Amy Reichert Judaica designed the donor wall with various aquatic shades and was inspired by the symbolism of the congregation’s name. Chesed, or loving kindness, is represented by the element of water in Kabbalistic beliefs. Water is vital for supporting life and therefore exemplifies the community’s necessary resources to sustain itself and flourish.

“As a synagogue, we have always valued loving kindness, warmth and support of our members and our surrounding community,” remarked Ansche Chesed’s former Executive Director Josh Hanft. “Prior to the renovation, our outsides didn’t match our insides. The building now represents who we are.”

©Bilyana Dimitrova

Another challenge was facilitating construction while Ansche Chesed was still acting as a functioning synagogue.

“I want to give loads of credit to Esther’s team and our contractors, who were able to do construction while allowing us to hold religious services and maintain three tenant preschool programs,” Josh Hanft said. “The coordination involved in keeping our programs and tenants going during construction and COVID took a true team effort.”

List of products used:

-Floor tiles:
-Stone Source porcelain tiles “Arena – Matrix Cinder” (natural finish)
-Stone Source “Terrazzo Trend Q – Royal Ivory #1610” tiles
-Stone Source “Terrazzo Trend Q – Black Star #656” tiles
-Bathroom tiles
-Stone Source “Marmi Classico Carrara Bianco”-
Stone Source “Pelle Grigio” mosaic backsplash
-Stone base: BAS Stone “Molten Black”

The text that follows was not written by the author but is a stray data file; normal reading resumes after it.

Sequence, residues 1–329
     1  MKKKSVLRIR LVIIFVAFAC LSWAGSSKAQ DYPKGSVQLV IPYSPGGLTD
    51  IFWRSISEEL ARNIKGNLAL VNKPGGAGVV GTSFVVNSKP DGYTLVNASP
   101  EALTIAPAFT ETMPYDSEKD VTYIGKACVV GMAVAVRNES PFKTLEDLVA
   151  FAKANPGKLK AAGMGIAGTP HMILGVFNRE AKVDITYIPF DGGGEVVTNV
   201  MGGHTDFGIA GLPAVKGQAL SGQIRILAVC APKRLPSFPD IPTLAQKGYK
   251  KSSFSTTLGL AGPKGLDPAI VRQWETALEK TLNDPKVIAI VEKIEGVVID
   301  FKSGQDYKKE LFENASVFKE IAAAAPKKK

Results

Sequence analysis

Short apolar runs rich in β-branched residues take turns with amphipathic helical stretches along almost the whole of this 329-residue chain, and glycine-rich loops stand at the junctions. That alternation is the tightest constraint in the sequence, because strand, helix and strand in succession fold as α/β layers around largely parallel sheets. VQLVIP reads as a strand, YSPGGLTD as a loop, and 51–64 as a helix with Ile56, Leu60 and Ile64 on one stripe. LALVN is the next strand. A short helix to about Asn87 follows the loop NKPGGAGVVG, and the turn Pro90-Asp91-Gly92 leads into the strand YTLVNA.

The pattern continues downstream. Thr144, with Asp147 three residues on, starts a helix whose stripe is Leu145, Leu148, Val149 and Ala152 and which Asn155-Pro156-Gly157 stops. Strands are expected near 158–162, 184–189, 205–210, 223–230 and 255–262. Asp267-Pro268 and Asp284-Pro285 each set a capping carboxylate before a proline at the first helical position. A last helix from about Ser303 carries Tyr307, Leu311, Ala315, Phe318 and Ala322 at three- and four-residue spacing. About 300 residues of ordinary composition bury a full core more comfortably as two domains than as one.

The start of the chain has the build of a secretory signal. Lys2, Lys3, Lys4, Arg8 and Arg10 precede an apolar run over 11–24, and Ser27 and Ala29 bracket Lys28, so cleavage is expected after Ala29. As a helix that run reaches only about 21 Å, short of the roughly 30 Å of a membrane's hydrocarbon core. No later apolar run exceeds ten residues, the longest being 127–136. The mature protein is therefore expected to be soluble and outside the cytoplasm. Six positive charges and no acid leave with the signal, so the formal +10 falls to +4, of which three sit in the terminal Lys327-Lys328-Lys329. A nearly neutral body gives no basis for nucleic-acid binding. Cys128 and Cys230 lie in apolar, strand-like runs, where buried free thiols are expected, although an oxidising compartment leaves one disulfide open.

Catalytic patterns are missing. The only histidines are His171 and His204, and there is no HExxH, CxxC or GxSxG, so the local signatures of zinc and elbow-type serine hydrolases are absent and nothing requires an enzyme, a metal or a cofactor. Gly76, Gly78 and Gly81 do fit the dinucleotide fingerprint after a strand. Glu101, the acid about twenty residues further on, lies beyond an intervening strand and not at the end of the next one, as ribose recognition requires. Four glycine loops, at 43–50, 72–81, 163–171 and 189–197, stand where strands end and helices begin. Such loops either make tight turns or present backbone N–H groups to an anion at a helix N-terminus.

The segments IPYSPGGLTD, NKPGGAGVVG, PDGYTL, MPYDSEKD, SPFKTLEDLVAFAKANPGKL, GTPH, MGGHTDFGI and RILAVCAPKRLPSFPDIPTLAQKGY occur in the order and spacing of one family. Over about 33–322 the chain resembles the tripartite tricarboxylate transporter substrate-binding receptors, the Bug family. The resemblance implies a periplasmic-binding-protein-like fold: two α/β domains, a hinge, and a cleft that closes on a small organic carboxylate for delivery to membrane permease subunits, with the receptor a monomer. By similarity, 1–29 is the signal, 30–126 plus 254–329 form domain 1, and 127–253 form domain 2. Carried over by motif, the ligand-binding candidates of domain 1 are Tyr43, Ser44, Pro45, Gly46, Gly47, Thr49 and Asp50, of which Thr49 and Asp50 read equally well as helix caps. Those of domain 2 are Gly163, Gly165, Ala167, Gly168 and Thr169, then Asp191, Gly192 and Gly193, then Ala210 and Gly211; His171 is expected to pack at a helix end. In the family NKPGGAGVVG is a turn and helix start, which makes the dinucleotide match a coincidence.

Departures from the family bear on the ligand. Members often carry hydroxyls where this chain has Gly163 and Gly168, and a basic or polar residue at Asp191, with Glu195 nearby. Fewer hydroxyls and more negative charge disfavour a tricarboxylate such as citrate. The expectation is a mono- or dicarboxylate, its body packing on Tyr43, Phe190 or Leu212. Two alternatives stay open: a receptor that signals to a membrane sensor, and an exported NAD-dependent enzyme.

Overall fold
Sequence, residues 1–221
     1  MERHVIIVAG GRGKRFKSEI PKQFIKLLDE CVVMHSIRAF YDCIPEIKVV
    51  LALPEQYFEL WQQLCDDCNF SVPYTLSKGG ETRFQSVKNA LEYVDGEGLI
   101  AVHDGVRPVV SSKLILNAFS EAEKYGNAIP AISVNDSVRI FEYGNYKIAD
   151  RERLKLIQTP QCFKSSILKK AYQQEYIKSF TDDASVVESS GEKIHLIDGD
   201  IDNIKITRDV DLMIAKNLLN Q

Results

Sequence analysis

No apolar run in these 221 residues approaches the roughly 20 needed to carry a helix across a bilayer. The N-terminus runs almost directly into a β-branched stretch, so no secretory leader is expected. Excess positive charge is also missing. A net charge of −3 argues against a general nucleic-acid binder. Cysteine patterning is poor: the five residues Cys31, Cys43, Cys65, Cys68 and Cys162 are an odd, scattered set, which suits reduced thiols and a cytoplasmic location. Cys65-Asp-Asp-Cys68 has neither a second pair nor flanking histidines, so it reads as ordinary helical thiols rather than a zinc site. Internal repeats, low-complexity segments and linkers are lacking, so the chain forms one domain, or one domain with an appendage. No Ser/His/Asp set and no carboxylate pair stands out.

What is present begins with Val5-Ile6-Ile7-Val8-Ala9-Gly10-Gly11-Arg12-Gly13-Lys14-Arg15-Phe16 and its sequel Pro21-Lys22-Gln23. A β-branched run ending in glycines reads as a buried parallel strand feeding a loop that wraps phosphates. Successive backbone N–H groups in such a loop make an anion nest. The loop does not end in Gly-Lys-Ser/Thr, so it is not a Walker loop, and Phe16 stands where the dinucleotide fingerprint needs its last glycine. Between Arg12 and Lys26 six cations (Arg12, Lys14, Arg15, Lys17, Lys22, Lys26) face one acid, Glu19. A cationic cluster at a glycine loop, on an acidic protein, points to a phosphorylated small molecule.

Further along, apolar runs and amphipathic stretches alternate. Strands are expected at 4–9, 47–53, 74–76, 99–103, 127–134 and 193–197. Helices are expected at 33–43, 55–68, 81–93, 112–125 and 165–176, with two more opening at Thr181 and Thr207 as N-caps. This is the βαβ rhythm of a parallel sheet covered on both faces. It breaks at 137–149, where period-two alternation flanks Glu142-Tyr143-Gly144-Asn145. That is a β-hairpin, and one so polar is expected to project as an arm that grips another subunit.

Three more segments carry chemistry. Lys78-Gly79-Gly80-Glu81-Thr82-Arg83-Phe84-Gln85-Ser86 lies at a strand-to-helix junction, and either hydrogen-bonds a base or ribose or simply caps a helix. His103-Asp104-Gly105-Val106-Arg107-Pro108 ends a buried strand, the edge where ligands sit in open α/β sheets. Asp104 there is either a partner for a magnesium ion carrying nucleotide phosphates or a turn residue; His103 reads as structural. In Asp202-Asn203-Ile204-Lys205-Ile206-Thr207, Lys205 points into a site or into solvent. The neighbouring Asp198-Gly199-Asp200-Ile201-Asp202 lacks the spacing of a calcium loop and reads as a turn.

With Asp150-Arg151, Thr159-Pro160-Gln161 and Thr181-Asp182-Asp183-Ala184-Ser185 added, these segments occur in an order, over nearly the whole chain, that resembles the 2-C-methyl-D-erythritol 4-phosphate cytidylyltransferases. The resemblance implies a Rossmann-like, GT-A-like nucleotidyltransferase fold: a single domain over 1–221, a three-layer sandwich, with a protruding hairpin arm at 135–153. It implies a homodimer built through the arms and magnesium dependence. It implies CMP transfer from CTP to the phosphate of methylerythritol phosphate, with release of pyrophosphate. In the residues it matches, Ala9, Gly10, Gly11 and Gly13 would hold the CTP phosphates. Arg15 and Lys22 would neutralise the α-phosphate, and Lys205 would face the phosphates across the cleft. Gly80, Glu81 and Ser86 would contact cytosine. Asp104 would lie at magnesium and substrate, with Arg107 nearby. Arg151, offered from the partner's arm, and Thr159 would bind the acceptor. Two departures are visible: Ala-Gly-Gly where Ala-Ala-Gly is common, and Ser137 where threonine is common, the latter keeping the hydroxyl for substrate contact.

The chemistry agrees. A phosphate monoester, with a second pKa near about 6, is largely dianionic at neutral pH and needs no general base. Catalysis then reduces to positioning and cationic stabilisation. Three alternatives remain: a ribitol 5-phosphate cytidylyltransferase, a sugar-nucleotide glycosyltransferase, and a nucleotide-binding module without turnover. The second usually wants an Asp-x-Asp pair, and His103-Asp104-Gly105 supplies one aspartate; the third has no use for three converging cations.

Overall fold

-Countertops: Caesarstone “Pebble Gray #4643”
-Carpet (fifth floor): Interface “Chenille Warp – 003683 Recollections” carpet tile
-Specialty wood doors: Daiek, Shield Security Doors
-Decorative light fixtures
-Gallotti&Radice “Epsilon Massimo Castagna”
-Visual Comfort “Rousseau Double Wall Sconce”
-Circa Lighting “Cordtlandt Large Flush Mount – Model #AF1153AI”
(burnished brass finish)
-Hinkley “Somerset Large Pendant – Model #3405KZ”
-Hinkley “Somerset Small Semi-Flush Mount – Model #3404BK”
-West Elm “Light Rods LED Sconce”
-OFS “Rowen Triple Bench – Model #83040”
-OFS “Rowen Love Seat – Model #83042”
-OFS “Rowen Sofa Armless – Model #83443”
-Source International “Mojo” chair
-Knoll “ReGeneration” ergonomic chair
-Clipso “Gris Perle – Model #495AC-4032” acoustic fabric
-Conveyance: Mobility Elevator & Lift – LULA elevator


Rethinking The Future (RTF) is a Global Platform for Architecture and Design. RTF through more than 100 countries around the world provides an interactive platform of highest standard acknowledging the projects among creative and influential industry professionals.